“We need to go from this idea of rugged individualism, which is so much a part of the American ethos — a part of the capitalistic economy that we’ve created here in the US — that we recognize its interdependence and develop these new ideals of mutualism” she said.

Gorbis points out that we are all connected and without mutually working together, we cannot rebuild, and the admiration for rugged individualism needs debunking.

“All these things we are facing today from health to climate, they cannot be solved by one community, by one individual. These are global issues, there are no borders with health, as we’re seeing with this  coronavirus, it’s the same with our climate,” she said.

“This is a possibility for us to actually rebuild the basic civil structure of our society — which includes everything from our cultural norms to our institutions to our basic ideology. And I hope this is an opportunity we’re not going to lose.”

Police Brutality 

Dr. Manuel Pastor, professor of Sociology and American Studies & Ethnicity at the University of Southern California and who Pastor currently directs the Program for Environmental and Regional Equity (PERE) at USC and USC’s Center for the Study of Immigrant Integration (CSII), pointed out that President Donald Trump’s racial trampling are becoming more and more ineffective.

“As Trump has tried to pull out all the racist dogwhistles of the past,  about ‘looters’ and ‘law and order,’ it’s just not working any longer,” Pastor said. “It’s not working with young millennials of any racial group”

Constance L.“Connie” Rice, civil rights activist and lawyer, and the co-founder and co-director of Advancement Project California, references the long history of police oppression that too few realize including slave patrols that she believes American policing descends from.  

“It’s a suppression containment policing that’s done to populations that are not meant to be part of the mainstream,” Rice said. “In slavery you had to keep the slaves on the plantation, the slave patrols did what they called suppression containment.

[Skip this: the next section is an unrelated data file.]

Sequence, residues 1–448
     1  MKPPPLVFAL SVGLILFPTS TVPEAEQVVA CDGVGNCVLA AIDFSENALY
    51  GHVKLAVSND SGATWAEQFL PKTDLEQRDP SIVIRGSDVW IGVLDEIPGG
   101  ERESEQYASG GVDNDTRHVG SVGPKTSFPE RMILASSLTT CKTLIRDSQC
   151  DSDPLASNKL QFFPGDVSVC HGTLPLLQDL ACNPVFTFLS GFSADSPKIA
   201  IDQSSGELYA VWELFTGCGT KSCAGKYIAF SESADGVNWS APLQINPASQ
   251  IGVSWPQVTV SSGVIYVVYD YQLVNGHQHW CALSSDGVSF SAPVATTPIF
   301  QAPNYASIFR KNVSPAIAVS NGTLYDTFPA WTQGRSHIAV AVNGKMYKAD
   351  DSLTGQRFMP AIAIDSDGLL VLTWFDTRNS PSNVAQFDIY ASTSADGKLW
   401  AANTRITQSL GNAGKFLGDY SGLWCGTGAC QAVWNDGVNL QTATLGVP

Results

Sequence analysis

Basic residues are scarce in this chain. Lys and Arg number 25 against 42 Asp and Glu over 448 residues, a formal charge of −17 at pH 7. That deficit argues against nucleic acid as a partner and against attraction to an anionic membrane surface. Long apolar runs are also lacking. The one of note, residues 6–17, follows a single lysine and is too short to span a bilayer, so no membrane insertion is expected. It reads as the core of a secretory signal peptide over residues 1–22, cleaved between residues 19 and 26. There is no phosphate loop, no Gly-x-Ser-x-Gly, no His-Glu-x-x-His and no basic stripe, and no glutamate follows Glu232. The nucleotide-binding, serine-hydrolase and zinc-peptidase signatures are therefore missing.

“It’s also what was done to the Jews in the Jewish ghettos in Europe. When you have a system that’s actually designed and descended from slavery, it’s so deeply embedded in the DNA of American policing that their job is to keep Black people in their place, and away from white people and wealthy people.”

This type of policing, said Rice, is para-militarizing that is “aggressive, warrior, search-and-destroy policing that serves the larger policy of mass incarceration.”

While over the years, police brutality has been explained away by referencing that there are both good cops and bad cops, the problem runs much deeper, Rice said.

“It is a toxic system. It’s not about bad apples, it’s about a toxic orchard,” she said. “The entire culture, the entire mission. If you don’t change the mission… the mission is to make sure Black people don’t come out of the ghetto. That Latino people stay in the barrio. That Native Americans stay on the reservations.”

Since the killing of George Floyd on May 25, protests have continued daily with demands not to seek justice only for Floyd but a myriad of other issues including defunding the police department, the practice of mass incarcerations, and the proper training of officers. Also worth noting, many officers who have served in the military turn to law enforcement as a career.  

“If you get better training, it’s better training for mass-incarceration policing,” Rice said. “I don’t think the people marching across the globe are asking simply for the end of police murder with impunity. I don’t think they’re marching for kinder, gentler mass-incarceration or politer search-and-destroy. 

“I think what the marchers are marching for is that they are revoking their consent for aggressive enforcement and they’re demanding safety for the poorest of the poor in the highest crime zones. And they’re demanding investment, the re-funding of the vitality of those communities.”